I have been creating art with balloons since 1997. From kids parties to corporate functions, weddings to Christmas events, we can cater to both children and adults.
Currently in Perth, Western Australia, I have won international awards and delighted audiences in Australia, New Zealand and the USA.
My work is consistent and detailed, using only the highest quality latex balloons. The colour and size range of the materials is extensive and as such, I can make practically anything out of balloons.
Support crew, magician, stilt walker, comedian, juggler, unicyclist, fire breather, object manipulator, husband… and often roped in to do some mighty fine balloon art too.
This site is dedicated to the art of balloons, but I can’t deny that my passion was sparked by trying to out-do my husband.
Check out his alter ego, Simon the Saucerer on the Facebook link below. Or click through there to see Michel’s other talents.
Amazing model and public relations asset too. Amelie is rapidly growing in her own balloon artistry talents but is already highly skilled in relating to crowds.
My number one pick of assistants, she is full of talent bursting to entertain you.
The dress (above) is made entirely from balloons. In 2014 I made her first dress for Twist and Shout, an international balloon artist convention held in the USA each year. The dress competition is outstanding and we were overjoyed with our bronze medal in 2014 out of 8 incredible dresses.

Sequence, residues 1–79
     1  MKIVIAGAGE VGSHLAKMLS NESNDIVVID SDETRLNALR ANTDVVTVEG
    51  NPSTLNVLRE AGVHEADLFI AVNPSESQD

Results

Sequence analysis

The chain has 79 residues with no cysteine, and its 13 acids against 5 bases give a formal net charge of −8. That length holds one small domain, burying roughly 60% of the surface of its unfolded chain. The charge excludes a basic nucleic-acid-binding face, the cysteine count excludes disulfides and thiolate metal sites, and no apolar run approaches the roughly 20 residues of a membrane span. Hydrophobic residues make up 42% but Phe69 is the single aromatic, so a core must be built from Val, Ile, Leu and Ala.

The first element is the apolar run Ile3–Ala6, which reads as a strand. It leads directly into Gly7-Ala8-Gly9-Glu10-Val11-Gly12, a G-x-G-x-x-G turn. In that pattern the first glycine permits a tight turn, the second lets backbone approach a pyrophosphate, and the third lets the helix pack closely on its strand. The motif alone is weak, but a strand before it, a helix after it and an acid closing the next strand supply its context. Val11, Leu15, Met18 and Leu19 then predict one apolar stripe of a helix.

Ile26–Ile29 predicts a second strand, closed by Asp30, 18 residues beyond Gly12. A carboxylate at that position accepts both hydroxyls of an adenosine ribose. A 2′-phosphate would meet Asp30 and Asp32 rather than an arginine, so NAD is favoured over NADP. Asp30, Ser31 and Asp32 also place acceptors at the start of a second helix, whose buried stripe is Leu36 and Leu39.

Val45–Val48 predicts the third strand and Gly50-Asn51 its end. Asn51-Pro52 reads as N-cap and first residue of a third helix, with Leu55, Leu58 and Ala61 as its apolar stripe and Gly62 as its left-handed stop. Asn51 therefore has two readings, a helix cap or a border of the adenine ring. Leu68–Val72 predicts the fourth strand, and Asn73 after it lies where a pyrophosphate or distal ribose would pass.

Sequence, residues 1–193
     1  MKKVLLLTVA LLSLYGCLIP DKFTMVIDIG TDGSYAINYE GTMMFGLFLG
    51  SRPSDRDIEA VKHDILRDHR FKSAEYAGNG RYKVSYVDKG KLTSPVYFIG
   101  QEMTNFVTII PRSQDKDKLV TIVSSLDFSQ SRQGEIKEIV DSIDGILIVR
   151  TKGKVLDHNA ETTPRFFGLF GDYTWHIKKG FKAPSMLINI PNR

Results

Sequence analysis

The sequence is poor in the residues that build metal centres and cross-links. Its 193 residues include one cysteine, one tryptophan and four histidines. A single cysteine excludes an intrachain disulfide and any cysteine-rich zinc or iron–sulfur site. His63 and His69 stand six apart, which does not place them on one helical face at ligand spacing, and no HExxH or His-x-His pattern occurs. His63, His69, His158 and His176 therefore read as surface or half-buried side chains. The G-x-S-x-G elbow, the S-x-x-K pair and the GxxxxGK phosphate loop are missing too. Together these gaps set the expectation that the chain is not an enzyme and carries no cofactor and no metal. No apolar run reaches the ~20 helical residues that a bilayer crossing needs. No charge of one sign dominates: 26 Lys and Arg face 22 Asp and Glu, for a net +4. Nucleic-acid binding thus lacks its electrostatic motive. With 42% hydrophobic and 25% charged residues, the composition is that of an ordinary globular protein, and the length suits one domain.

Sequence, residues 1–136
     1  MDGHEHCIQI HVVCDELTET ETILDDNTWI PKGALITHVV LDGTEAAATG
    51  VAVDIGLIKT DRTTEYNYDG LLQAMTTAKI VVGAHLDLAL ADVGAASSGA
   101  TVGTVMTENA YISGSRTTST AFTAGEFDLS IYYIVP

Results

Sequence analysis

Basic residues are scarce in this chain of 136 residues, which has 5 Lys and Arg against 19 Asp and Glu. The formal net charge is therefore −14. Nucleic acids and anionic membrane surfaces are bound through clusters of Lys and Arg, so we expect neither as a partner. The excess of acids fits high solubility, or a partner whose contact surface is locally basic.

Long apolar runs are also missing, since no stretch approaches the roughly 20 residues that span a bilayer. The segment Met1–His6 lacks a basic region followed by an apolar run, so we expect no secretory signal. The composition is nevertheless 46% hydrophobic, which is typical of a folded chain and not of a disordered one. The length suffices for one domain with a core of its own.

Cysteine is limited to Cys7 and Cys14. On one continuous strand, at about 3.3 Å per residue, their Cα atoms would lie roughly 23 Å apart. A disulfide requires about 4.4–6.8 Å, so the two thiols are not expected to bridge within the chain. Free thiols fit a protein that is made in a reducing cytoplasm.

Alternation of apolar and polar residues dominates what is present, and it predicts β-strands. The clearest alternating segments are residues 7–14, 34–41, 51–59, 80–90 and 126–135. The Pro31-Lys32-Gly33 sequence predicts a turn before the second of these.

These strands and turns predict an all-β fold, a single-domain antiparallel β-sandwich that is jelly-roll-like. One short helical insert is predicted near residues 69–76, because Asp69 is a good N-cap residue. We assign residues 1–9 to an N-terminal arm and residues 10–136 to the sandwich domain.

Also a very able assistant, Jasper has overcome many challenges to get him to this point. He has taught me that living with autism is not a barrier to having a good time.
I have learnt a lot about special needs from this cheeky guy, and he has made me a much more aware performer.
Jasper’s specialty is helping to make very large paradable balloons, and loves puppeteering them too. Ask Jasper for a sword if you spot him at a job with me.
Why a Ladybug?
Ladybugs are bright, colourful, naturally intriguing and environmentally friendly – just like balloons
Pro Environment Balloon Alliance
Balloon artists from around the world are standing together to say “no” to releasing helium balloons, and to educate the public about the true nature of latex. Many are performing scientific observations of balloons as they break down. The image here is the observable evidence after 5 months with 3-4 hours of sunlight per day. More sunlight hours, composting bacteria and other conditions would no doubt speed up the process.